5. Core Inflation Will Edge Down.
The U.S. economy is now operating well below potential. This will begin to gradually push up the unemployment rate. This extra slack in the economy will put further downward pressure on core inflation, which Global Insight expects to fall from 2.0 percent this year to 1.8 percent in 2008 for the core personal consumption deflator and from 2.3 percent to 2.1 percent for the core CPI. The good news, so far, is that high energy prices have had very little impact on other prices and on wage inflation. This benign state of affairs can be expected to continue for at least another year.

6. The Federal Reserve Will Keep Cutting Interest Rates.
With inflation not a serious threat, and the risks predominantly on the downside, the Fed will keep lowering rates. Global Insight now expects cuts of 25 basis points at the December 11 Federal Open Market Committee Meeting, 50 basis points at the January 29-30 meeting, and another 25 basis points at the March 18 meeting. Meanwhile, if the credit crunch and housing problems get worse, the Fed may have no choice but to inject more liquidity into the financial system, and support the subprime mortgage relief/freeze plan devised by the Bush administration.

7. Housing Sector Activity Will Bottom Out in Mid-2008.
Housing activity will continue to slide in the first half of next year. Global Insight now expects that total starts will fall below 1 million units during 2008—less than half their level in 2005. During the second half of the year, we expect housing activity to stabilize and begin recovering gradually. The same cannot be said about home prices, which are likely to keep sliding, at least through 2009. The peak-to-trough drop in home prices (as measured by the OFHEO price index) will probably end up being more than 10 percent.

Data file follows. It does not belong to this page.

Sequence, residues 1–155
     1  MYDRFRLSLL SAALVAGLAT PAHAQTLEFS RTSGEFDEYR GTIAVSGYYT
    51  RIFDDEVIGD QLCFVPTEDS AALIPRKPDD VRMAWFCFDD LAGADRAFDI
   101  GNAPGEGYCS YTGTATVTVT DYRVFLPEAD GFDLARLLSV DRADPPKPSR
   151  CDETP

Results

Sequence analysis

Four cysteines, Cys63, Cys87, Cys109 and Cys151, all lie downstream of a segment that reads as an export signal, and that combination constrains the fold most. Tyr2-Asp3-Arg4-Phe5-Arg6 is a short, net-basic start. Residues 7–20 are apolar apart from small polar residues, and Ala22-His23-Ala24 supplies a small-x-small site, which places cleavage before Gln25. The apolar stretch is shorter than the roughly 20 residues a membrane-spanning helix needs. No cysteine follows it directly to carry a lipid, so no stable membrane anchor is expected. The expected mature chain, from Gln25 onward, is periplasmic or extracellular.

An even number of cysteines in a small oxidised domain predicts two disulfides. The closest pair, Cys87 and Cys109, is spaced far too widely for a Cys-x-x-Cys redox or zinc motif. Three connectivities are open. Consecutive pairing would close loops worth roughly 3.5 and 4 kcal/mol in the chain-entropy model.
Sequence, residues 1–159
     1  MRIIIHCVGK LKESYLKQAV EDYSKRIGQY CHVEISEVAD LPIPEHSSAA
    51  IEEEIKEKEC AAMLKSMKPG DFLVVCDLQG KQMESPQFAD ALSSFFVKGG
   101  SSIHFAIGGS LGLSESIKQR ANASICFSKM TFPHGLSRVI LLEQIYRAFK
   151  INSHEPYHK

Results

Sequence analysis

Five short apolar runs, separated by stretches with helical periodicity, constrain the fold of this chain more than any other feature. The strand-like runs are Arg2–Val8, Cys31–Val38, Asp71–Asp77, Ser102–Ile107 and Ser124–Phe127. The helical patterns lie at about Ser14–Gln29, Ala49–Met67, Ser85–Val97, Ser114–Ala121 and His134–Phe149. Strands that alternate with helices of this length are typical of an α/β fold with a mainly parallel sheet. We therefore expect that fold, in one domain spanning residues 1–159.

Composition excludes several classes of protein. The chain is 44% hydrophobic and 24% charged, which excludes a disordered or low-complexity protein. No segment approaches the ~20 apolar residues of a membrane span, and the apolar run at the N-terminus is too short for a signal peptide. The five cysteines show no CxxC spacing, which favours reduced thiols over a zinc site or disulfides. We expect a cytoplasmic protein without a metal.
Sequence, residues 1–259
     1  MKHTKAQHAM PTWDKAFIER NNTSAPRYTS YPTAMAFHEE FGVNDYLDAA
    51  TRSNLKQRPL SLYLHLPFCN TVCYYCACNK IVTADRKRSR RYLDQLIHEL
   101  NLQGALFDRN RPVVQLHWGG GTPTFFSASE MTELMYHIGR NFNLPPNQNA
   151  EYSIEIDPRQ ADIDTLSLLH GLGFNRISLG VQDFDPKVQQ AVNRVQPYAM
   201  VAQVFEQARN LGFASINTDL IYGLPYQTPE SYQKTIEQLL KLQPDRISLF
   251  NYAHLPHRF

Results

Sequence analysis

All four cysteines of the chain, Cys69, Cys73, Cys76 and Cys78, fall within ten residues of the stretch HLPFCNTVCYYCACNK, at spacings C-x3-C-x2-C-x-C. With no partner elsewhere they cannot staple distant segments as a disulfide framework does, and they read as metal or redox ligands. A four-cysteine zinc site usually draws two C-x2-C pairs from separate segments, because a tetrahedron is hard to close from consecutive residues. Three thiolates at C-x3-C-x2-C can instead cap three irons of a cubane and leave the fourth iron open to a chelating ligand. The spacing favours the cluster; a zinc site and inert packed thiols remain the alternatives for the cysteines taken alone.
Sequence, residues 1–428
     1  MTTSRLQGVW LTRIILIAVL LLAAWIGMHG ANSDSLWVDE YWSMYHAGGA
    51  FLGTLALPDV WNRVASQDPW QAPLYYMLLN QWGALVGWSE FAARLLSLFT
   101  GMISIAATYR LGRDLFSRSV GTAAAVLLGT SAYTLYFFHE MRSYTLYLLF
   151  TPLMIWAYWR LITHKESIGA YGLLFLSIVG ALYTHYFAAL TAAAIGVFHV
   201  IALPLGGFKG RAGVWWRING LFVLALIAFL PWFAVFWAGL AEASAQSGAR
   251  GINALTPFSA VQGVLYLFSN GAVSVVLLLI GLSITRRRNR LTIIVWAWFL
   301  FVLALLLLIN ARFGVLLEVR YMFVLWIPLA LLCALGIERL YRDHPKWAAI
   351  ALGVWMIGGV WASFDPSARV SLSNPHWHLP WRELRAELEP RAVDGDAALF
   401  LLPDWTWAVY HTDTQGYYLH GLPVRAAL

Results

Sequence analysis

8. The U.S. Current-Account Deficit Will Continue to Improve.
The long-awaited correction of the gaping global imbalances is finally happening. The deceleration in the U.S. economy is likely to be much more pronounced than that across the rest of the world. Moreover, the dollar has fallen more than 20 percent (on a real trade-weighted basis) in the past five years and should fall a little more, before stabilizing. These developments are supercharging exports and dampening imports. During the course of the next year, the positive contribution by trade will make all the difference whether the U.S. economy suffers through a recession or not. Global Insight forecasts that the current-account deficit will fall from $755 billion in 2007 to $659 billion in 2008.

9. The Dollar Will Reach a Trough Against Some Currencies in 2008.
While the dollar has been on a downward trend since 2002 (mostly because of the huge current-account deficit), the recent weakness is a function of fears over the subprime crisis and a U.S. recession, combined with expectations that the Fed will cut interest rates more than other central banks. As the economy begins recover in the second half of 2008 and early 2009, though, sentiments on the dollar will turn more positive, at least against some currencies. We expect that the euro will top out around $1.55 next summer and fall to $1.49 by year-end. The Canadian dollar may have peaked already, if oil prices keep falling. However, both the Japanese yen and the Chinese renminbi should keep appreciating vis-à-vis the dollar, given the large current-account surpluses in both economies.

10. With U.S. Growth Barely Positive Through Mid-2008, Even a Small Shock Will Push the Economy over the Edge.
For the past two years, Global Insight has been saying that it would take two or more shocks to trigger a U.S. recession. There is a growing risk that such a scenario may be about to unfold. The combination of the housing/subprime crisis and higher oil prices could be enough to push growth into negative territory. If oil prices continue to fall, and end up in the $75–80/barrel range early in 2008, the U.S. economy will probably be able to escape recession. However, either another rise in oil prices or some other shock (even a small one) could be the straw that breaks the camel's back. Global Insight has raised the probability of a U.S. recession from 35 percent to 40 percent.

Nariman Behravesh, chief economist for Global Insight, compiled the information in this report.